Formal name: Tizocicatzin
Reign: 1481-1486, 1481-1485 (Tira de Tepechpan)
Name: He who makes sacrifices, he who does penance
Place of Birth: Likely Tenochtitlan
Upon the death of his brother, Axayacatl, the two remaining leaders of the Triple Alliance, Nezahualpilli of Texcoco and Chimalpopoca of Tlacopan, met and selected Tizoc to be the next tlatoani of Tenochtitlan. He was a grandson of former emperors Moctezuma I and Itzcoatl, and the middle brother of three who would follow, in order, as tlatoani.
“in the entire five years and few days of Tizocicatzin’s rule nothing of note occurred,” Alva Ixtlilxochitl, History of the Chichimeca Nation. This is a bit of an oversimplification as ruling an empire is certainly not “nothing.” Tizoc did hold the empire’s borders and conquered some lands within the empire’s borders. Having an uneventful reign isn’t the worst thing a ruler could be known for. Duran noted he was thought of as cowardly and slow to act.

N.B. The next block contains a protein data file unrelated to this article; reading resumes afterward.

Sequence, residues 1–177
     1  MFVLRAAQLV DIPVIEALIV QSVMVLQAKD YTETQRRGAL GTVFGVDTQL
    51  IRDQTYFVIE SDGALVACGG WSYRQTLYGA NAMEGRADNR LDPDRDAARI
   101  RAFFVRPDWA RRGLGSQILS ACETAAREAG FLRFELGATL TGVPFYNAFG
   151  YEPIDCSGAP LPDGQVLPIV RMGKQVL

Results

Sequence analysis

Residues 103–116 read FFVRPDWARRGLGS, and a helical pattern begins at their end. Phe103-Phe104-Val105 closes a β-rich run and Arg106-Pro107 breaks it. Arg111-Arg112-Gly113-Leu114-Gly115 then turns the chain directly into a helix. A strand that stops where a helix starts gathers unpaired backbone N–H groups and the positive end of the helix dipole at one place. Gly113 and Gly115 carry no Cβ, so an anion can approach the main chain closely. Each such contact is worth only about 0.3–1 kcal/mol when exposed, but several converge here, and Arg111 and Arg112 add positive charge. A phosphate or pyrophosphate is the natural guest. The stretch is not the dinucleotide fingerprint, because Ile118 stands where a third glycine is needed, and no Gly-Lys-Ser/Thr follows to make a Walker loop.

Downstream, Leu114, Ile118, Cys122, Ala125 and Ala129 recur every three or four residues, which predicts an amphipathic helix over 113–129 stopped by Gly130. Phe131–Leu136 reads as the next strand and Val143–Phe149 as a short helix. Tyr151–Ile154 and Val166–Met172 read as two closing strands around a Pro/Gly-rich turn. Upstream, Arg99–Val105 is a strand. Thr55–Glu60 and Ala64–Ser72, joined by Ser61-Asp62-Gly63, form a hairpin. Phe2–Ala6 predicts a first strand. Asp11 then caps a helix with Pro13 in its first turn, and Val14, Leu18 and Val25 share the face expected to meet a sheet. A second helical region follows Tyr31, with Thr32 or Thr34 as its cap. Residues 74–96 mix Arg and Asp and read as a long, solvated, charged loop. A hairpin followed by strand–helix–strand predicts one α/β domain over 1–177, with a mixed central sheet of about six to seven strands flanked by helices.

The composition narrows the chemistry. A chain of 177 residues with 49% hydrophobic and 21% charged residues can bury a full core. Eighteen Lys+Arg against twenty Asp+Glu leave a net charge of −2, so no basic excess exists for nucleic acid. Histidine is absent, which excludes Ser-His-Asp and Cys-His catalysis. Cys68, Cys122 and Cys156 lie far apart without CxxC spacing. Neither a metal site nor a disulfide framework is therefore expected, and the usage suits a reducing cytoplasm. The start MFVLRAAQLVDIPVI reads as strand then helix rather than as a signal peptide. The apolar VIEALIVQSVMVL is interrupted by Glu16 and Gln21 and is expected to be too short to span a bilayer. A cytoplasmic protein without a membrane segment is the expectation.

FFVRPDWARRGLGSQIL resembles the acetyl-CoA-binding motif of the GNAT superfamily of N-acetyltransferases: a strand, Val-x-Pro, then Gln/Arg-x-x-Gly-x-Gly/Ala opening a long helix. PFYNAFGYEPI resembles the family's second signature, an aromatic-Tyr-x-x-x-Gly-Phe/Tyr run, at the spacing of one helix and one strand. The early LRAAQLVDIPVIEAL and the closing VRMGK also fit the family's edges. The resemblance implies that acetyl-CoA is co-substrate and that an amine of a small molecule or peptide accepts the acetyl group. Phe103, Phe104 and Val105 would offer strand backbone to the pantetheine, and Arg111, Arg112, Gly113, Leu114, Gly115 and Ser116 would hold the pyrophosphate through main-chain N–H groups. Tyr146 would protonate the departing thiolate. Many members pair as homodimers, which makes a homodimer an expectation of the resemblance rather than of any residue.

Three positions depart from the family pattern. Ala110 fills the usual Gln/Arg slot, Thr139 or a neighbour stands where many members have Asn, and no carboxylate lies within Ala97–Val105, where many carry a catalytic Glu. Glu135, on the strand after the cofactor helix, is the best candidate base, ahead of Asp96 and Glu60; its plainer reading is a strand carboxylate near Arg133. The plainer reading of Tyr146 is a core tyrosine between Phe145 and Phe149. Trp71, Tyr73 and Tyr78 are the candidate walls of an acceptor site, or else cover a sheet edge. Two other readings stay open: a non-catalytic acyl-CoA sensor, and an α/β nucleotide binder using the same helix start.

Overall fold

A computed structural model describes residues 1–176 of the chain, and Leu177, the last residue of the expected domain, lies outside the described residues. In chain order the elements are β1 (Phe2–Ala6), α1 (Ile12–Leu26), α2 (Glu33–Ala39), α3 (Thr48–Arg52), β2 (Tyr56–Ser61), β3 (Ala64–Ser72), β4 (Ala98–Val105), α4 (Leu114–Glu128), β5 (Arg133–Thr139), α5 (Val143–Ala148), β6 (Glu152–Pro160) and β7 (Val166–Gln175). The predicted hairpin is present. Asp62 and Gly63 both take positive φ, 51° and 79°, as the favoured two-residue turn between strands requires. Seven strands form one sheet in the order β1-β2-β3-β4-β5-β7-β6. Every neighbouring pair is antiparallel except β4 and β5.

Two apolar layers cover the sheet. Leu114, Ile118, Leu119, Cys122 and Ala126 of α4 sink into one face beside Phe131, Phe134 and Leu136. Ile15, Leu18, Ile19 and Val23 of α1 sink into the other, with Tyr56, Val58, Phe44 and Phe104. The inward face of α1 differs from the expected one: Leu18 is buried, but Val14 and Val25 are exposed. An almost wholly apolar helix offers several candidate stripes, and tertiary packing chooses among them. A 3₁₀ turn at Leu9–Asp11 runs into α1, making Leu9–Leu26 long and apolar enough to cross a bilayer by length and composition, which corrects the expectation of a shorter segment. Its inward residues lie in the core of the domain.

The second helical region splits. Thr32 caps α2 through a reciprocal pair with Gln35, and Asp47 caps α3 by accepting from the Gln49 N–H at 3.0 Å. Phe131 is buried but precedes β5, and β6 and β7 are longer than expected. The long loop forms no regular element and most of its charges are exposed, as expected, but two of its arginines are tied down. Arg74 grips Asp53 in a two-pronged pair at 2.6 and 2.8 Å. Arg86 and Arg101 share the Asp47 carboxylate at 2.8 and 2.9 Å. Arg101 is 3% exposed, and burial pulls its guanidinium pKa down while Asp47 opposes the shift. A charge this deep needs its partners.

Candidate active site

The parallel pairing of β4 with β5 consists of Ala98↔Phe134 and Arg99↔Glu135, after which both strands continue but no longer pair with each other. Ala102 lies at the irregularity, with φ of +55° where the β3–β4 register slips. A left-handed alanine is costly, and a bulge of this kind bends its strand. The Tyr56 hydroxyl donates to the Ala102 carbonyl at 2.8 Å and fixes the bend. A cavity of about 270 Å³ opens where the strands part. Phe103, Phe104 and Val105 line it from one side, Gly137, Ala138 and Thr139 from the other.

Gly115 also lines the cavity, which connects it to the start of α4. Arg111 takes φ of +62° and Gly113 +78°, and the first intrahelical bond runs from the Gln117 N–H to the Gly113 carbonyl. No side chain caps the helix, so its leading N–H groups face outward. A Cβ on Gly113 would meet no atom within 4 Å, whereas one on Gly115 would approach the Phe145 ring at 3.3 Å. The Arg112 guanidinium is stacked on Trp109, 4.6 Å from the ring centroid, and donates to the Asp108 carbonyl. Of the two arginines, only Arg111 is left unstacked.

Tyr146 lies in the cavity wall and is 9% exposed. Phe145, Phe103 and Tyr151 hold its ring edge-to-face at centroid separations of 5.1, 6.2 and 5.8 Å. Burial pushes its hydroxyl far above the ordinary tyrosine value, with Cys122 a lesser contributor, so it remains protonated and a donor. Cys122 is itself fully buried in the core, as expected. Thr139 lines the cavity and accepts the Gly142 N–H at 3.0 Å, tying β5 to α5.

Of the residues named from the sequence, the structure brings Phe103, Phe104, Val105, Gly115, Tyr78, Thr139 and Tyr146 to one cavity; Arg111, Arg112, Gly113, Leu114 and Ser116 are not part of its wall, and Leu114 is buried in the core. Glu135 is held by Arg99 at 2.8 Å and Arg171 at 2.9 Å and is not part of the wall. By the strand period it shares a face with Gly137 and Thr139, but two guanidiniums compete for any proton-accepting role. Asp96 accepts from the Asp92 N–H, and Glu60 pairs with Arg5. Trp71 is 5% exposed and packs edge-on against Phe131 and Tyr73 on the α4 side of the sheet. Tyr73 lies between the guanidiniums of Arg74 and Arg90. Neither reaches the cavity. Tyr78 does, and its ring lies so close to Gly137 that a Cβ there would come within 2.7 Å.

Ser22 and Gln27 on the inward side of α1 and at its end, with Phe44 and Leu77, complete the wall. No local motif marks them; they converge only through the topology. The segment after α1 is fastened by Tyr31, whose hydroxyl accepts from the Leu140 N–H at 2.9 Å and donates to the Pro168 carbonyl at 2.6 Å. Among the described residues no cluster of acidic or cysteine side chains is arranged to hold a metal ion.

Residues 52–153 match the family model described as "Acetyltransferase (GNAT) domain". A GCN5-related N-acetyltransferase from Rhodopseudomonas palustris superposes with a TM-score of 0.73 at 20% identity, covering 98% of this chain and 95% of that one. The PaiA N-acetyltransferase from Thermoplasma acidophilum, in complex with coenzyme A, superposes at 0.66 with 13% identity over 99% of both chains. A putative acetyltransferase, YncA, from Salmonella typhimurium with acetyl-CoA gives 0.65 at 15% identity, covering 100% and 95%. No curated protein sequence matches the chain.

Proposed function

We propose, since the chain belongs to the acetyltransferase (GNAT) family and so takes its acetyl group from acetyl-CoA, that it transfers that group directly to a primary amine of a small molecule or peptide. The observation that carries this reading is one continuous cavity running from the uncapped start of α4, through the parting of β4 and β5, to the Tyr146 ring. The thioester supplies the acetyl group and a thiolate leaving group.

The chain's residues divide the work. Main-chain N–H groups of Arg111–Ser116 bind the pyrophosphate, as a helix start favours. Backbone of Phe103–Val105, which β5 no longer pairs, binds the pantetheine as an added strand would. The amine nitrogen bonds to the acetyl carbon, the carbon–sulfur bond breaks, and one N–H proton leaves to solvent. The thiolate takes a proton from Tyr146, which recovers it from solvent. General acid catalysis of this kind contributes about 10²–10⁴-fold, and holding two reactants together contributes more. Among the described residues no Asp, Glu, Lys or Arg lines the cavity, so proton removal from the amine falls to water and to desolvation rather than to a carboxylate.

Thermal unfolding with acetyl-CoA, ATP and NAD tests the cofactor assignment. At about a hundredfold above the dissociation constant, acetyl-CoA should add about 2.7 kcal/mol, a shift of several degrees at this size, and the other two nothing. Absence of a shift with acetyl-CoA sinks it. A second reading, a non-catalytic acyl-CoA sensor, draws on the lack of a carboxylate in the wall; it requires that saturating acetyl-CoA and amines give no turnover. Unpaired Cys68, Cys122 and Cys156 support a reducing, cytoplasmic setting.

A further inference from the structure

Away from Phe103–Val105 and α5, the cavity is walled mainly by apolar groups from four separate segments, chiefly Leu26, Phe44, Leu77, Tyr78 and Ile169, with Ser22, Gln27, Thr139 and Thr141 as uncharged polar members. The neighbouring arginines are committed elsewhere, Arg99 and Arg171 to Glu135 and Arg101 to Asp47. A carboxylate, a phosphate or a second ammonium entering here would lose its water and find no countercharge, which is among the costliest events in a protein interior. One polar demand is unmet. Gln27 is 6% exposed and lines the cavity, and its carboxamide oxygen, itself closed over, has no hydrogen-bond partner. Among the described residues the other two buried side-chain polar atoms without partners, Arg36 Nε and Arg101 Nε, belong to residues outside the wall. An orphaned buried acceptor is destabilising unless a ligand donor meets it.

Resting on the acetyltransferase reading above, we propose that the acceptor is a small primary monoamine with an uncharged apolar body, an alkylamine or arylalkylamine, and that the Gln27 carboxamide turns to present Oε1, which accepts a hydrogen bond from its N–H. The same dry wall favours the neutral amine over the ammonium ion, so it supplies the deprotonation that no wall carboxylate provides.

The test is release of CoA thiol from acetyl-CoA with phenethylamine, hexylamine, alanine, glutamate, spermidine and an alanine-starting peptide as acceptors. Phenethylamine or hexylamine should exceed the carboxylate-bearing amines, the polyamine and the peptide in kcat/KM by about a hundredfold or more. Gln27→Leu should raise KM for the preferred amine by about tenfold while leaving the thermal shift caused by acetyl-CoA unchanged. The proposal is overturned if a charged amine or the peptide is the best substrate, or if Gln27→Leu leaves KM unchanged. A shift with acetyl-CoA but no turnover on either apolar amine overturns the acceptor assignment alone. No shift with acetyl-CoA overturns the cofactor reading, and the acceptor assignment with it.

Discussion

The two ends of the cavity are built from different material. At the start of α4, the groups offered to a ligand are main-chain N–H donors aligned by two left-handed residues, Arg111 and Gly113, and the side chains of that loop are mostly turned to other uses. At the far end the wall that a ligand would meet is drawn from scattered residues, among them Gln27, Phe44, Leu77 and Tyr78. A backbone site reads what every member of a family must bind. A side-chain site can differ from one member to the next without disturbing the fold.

One monument bears his image and appears to be carved to commemorate or elevate his short reign, called the Tizoc Stone. The Tizoc Stone, now housed in the National Anthropology museum in Mexico City, is a round stone about three feet tall and circled by ornate carvings depicting gods and the feats of Tizoc and includes an image of Tizoc himself. The stone was used as a sacrificial altar where an enemy warrior was tied to the stone and forced to fight against Aztec warriors. His death would be a sacrifice to Huitzilopochtli and his role in war.
After five years he died. It is possible he was killed by internal forces as speculation includes theories that he died either by poisoning or natural illness. Duran indicates Tlacaelel did away with him after widespread frustration with his unenthusiastic efforts on the Templo expansion.
Templo Mayor expansion project begun.
Put down rebellion in Toluca.
Expanded and solidified the central empire